Polyester is a synthetic material made from synthesized polymers. It is actually constructed from polyethylene terephthalate (PET)—interestingly, the same active ingredient in plastic drinking bottles. In fact, these bottles are often recycled and reprocessed into polyester fibers.
Polyester was introduced in the early 1940s and was marketed as a fabric in the 1950s. It quickly grew in popularity, mainly because it was quite strong and could easily be used for a number of styles and products. For example, polyester is often used to make clothes, quilt batting, and car and furniture upholstery. However, its drawbacks included being highly flammable, and more irritating to the skin than pure cotton and other natural fabrics. That is why some clothing manufacturers combine polyester with other materials to minimize irritation. Polyester fabric blends also tend to have a more “stretchy” texture, versus pure polyester which is slippery and silky.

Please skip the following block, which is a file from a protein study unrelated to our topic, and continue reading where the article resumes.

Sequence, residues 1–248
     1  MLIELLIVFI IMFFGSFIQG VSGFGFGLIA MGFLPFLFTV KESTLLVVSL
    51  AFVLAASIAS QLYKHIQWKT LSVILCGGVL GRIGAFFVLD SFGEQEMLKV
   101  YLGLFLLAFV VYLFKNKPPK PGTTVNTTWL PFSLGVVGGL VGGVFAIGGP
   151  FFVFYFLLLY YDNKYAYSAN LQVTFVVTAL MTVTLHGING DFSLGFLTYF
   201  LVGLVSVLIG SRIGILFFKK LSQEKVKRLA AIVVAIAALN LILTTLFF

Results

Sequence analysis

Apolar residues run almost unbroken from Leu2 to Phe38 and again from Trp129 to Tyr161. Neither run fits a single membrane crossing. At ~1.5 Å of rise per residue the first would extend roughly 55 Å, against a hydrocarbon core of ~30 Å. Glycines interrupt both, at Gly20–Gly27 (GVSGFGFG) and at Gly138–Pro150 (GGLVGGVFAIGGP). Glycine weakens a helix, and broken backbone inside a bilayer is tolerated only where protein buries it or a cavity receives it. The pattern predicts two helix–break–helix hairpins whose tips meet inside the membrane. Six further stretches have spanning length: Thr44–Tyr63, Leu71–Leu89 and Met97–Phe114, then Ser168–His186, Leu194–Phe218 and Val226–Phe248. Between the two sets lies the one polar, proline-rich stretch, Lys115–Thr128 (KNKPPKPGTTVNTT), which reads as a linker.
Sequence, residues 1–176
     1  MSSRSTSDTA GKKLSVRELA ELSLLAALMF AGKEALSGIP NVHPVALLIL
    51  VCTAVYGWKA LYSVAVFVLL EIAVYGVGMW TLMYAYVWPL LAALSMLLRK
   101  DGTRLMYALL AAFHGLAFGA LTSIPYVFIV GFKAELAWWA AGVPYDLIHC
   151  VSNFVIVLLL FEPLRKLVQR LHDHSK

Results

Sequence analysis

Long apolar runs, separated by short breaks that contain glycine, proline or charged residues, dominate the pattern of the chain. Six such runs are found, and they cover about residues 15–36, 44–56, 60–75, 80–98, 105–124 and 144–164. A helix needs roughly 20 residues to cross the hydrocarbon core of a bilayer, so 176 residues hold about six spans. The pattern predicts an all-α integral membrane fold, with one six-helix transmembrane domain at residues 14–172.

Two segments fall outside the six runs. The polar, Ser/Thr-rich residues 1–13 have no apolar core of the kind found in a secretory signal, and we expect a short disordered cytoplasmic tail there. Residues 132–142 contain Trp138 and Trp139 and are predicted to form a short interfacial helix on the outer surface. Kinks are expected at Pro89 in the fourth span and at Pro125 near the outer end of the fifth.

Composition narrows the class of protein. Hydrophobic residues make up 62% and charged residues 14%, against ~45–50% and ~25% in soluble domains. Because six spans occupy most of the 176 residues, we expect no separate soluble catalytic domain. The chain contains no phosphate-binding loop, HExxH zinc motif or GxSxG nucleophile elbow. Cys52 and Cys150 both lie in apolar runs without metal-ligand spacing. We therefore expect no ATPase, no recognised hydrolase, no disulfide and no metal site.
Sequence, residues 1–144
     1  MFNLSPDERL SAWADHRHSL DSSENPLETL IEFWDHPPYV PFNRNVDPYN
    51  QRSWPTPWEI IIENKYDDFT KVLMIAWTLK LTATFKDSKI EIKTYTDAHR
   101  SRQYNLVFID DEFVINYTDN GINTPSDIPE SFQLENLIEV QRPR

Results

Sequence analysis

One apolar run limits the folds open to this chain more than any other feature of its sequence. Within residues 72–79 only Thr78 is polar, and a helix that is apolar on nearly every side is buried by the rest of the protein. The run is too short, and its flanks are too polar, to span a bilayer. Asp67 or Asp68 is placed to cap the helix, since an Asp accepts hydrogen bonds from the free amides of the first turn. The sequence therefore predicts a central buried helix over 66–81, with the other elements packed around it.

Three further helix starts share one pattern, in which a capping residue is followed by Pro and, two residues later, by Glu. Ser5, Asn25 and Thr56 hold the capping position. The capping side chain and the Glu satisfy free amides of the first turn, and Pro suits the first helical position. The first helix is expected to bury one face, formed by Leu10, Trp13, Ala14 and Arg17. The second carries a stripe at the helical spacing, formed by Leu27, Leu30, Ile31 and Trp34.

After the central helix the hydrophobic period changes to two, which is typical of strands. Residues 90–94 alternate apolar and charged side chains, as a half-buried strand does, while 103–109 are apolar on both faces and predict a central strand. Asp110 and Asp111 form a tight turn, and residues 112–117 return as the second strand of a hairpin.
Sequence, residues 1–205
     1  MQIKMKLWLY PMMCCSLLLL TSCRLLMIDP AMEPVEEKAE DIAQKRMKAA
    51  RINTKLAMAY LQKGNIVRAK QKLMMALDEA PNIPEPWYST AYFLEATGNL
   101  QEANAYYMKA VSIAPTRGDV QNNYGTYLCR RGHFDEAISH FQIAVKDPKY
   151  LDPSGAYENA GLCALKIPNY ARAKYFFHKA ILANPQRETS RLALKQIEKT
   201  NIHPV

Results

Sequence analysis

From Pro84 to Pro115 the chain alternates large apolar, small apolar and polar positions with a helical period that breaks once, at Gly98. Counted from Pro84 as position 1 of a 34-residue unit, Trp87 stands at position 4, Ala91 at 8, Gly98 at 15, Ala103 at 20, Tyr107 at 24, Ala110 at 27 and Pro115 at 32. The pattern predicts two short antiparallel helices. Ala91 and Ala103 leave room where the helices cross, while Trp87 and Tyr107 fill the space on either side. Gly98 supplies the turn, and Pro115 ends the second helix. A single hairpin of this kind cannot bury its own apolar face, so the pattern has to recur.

Aside from being used as a fabric, companies like Dupont have developed other applications for polyester. For example, it is used to make mylar and polyester films, as well as floppy disk liners. This is very good for the environment because the material is non-bio degradable; it also helps the companies lower the costs of the product, and offer them at cheaper prices to the consumer.
Polyester is made by combining ethylene glycol and dimethyl terephthalate to create bisterephthalate. This is subjected to high temperatures of up to 270° Fahrenheit (or 132° Celsius)to form polyethylene terephthalate. During this process toxic gasses are emitted, which is why factory workers need to wear protective clothing.